This line of thinking makes me cranky because while, yes, perhaps it is technically true that pretty much anyone can learn some basic programming skills, not everyone is cut out to be a coder. Just like almost anyone can learn to bang out “Twinkle Twinkle Little Star” on a piano, but is not suited to be the next Mozart — or even a middle school music teacher. So it occurred to me to come up with a few questions to ask yourself before giving your credit card info to that nice, encouraging “admissions producer” at General Assembly.

  1. The latch on your bedroom doorknob keeps getting stuck. What do you do?

I have taken to asking people this exact question. If your answer is “call in the landlord/a handyperson to fix it,” this is a red flag you may not be cut out for computer programming. Seriously. If, however, you respond with something along the lines of “fiddle around with it, try to figure out how it works and what might be going wrong,” that is a very good sign that coding could be a good career fit.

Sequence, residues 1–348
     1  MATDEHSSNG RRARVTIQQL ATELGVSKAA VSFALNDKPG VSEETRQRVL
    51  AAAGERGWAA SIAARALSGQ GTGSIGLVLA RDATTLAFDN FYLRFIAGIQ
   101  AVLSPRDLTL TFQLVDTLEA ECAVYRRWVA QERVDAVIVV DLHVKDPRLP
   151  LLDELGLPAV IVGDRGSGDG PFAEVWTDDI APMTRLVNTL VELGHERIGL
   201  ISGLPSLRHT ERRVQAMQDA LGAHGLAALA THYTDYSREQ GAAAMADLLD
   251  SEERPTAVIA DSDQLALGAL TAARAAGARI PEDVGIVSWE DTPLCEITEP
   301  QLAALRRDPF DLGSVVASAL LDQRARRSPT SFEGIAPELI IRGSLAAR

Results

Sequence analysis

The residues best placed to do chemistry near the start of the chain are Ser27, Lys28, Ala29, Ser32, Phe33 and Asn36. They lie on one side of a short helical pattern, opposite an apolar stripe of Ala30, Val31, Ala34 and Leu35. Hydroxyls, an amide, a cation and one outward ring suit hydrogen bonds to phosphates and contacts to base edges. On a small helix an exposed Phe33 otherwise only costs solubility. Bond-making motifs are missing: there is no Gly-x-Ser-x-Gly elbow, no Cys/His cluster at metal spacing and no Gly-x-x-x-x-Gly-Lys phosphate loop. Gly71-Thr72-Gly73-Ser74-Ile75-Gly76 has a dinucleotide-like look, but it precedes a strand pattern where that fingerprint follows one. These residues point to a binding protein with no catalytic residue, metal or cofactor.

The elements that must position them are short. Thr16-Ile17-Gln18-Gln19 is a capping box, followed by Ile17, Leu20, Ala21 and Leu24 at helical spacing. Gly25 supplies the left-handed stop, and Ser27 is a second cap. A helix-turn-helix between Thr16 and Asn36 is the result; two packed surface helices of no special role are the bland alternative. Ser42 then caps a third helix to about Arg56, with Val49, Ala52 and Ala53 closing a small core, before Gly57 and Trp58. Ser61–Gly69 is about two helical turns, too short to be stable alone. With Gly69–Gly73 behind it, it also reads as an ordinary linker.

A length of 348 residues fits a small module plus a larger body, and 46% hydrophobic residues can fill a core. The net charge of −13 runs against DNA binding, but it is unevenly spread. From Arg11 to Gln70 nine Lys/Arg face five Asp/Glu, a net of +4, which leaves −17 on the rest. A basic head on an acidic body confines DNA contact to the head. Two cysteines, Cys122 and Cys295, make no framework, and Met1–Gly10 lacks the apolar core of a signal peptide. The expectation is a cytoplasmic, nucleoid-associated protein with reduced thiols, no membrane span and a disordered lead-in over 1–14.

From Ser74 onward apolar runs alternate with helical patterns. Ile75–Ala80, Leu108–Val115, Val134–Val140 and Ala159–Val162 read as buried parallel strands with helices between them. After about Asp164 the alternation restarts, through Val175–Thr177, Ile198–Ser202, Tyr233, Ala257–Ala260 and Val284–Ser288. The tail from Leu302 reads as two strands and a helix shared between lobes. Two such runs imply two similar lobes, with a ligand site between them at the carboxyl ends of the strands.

Computer programming is much more than writing lines of code. At the core, programming is about problem solving: Writing a program, from a simple bash script to a full-blown native app, is an exercise in pragmatic investigation and resolution. There is the broader, project-level issue you seek to address (“I need a quick script to automatically handle file permissions”) — and it rests upon every single one of the micro-level step-by-step analyses, decisions and solutions that must occur to create it.

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You need to be naturally curious about the inner workings of the doorknob in order to be good at this job.

  1. Do you enjoy logic problems, puzzles, riddles?

Day to day, coding is more about fixing than it is building. While other jobs also have ‘fixing’ aspects — writers revise their drafts, electricians correct faulty wiring — programming is unique in that most of the problems we are called upon to fix result from faulty logic. Whether it’s our own or that of some other pioneer who traversed the codebase before we came along, a coder’s main work is debugging code.